The name “Rat Terrier” is attributed to President Theodore Roosevelt. During a trip to the Grand Canyon, Roosevelt was given a terrier of questionable breeding named “Skip”. Skip resided in the White House, where he and his offspring promptly exterminated the many thousands of rats that infested the White House and grounds. It is believed that T.R. coined up the name “Rat Terrier” in honor of Skip and his progeny.
As recently as 1994, the Rat Terrier did not have a written breed standard. It was usually considered to be a strain of Smooth Fox Terrier and sometimes was even referred to by some as being a “Fox Terrier”. Plagued by the lack of knowledge of the breed, and without a written standard, the Rat Terrier was not considered a true “breed” in the eyes of most recognized dog registries.
The charter members of the Rat Terrier Club of America (RTCA), founded in 1995, worked to draft a standard that would correctly define and promote the breed as it is today. By interviewing many hundreds of breeders, fanciers and judges and by using numerous questionnaires and breed surveys, the breed was defined and a nationwide standard finally written. Most reputable breeders now select and breed Rat Terrier to Rat Terrier with this written Standard used as their breeding goal.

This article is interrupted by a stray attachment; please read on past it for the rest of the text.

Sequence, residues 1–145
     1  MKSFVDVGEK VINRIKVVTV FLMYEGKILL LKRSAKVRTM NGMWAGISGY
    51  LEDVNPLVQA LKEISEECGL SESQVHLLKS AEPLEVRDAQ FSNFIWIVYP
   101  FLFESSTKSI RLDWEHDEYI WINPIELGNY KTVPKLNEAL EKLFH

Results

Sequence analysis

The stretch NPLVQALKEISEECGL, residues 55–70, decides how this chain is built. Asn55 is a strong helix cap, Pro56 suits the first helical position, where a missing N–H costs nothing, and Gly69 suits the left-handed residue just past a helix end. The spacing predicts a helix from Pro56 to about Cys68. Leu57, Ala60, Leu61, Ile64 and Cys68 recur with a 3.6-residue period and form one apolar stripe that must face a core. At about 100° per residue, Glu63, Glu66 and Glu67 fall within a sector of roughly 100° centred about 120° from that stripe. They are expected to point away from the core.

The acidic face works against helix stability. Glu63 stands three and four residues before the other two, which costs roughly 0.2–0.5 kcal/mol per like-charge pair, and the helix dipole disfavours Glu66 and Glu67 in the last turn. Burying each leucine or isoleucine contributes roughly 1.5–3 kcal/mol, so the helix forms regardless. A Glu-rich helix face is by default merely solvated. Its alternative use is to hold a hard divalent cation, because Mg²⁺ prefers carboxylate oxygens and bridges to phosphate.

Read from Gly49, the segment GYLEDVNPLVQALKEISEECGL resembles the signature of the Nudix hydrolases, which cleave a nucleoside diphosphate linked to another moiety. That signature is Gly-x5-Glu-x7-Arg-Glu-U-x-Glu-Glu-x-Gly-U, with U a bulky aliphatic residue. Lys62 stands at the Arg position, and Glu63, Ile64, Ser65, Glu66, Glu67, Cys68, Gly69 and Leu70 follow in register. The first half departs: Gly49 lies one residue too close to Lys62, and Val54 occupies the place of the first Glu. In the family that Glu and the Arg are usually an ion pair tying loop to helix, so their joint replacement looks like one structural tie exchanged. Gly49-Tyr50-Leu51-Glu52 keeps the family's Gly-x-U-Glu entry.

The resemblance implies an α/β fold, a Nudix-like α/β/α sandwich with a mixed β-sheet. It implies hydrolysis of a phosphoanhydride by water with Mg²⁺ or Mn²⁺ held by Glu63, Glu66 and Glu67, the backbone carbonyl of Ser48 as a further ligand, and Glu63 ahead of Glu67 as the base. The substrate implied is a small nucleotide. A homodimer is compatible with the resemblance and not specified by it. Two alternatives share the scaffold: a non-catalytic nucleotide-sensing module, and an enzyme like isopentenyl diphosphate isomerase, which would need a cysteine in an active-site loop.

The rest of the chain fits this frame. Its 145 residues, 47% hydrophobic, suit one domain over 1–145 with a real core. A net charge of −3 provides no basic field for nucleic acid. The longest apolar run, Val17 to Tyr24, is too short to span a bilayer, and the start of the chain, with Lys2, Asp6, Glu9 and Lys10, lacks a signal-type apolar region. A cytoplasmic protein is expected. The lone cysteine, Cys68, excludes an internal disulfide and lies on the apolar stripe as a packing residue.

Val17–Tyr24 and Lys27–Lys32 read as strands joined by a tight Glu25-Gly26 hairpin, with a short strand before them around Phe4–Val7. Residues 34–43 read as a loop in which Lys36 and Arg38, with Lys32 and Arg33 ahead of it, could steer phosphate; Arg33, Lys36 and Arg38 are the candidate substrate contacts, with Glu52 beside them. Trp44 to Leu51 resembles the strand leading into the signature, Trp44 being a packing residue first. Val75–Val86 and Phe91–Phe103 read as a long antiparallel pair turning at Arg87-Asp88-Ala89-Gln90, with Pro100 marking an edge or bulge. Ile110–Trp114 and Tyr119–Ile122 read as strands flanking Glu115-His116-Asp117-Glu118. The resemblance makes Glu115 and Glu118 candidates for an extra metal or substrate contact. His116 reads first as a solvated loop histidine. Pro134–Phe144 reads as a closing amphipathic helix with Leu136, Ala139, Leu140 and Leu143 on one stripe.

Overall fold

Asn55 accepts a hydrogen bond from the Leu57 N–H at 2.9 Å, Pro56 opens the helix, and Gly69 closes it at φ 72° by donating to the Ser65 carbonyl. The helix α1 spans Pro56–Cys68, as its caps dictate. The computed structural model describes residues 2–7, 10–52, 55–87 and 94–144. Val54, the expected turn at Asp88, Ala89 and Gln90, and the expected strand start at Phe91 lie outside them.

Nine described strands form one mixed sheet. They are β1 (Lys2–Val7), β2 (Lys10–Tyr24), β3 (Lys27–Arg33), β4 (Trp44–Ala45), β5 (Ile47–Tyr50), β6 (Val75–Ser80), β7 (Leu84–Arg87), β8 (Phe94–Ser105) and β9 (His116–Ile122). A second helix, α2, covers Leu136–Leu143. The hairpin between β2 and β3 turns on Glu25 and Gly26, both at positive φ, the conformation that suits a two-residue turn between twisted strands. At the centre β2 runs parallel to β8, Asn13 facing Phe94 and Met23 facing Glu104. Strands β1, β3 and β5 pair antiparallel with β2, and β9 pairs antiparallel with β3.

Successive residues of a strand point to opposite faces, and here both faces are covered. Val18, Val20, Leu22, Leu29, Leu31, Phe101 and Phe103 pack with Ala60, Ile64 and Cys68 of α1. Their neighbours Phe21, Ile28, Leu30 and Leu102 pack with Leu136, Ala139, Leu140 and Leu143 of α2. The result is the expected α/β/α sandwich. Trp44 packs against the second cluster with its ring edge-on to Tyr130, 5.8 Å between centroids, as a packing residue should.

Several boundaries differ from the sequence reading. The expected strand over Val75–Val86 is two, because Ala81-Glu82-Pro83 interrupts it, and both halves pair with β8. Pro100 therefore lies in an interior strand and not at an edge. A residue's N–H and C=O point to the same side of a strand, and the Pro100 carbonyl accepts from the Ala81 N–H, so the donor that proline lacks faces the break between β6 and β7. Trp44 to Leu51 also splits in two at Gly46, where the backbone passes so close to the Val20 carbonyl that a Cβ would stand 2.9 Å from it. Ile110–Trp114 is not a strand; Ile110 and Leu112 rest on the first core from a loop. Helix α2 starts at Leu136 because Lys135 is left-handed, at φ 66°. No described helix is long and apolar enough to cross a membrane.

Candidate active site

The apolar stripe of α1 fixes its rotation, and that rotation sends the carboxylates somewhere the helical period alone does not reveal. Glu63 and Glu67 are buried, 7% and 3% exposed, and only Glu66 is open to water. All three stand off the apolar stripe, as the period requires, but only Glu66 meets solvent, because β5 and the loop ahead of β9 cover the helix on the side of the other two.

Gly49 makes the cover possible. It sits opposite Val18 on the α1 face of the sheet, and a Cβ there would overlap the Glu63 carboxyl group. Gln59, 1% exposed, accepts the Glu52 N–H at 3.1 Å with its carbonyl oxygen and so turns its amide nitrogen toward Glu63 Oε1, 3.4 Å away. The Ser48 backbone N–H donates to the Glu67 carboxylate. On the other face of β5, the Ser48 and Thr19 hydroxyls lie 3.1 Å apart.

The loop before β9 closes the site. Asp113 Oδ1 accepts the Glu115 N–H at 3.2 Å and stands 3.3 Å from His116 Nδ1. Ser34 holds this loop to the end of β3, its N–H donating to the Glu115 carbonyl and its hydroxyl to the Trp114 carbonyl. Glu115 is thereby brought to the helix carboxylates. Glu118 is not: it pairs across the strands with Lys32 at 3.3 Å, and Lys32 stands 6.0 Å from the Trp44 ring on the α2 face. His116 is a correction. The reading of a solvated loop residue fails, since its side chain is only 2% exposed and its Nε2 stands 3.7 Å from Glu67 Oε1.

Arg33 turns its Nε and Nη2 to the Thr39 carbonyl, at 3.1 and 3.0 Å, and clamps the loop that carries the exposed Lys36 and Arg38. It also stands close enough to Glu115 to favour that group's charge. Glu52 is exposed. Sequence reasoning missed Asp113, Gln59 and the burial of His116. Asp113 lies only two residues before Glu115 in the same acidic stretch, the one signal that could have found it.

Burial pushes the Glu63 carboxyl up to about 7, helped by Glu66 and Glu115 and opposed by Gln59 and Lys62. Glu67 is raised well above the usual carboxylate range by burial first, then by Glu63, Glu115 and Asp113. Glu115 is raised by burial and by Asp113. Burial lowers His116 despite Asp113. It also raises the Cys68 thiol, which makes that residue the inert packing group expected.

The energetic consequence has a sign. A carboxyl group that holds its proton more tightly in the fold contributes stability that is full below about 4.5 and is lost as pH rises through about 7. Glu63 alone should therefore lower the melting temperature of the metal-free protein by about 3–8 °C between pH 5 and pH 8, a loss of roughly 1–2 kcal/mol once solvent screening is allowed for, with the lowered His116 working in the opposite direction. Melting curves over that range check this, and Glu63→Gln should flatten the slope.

In 2004, the RTCA submitted over a thousand 3 generation Rat Terrier pedigrees to the American Kennel Club. Shortly thereafter, the AKC admitted the Rat Terrier into the Foundation Stock Service (FSS), and in January of 2006, Rat Terriers were finally allowed to participate in AKC sanctioned companion events (agility, obedience, lure coursing, etc).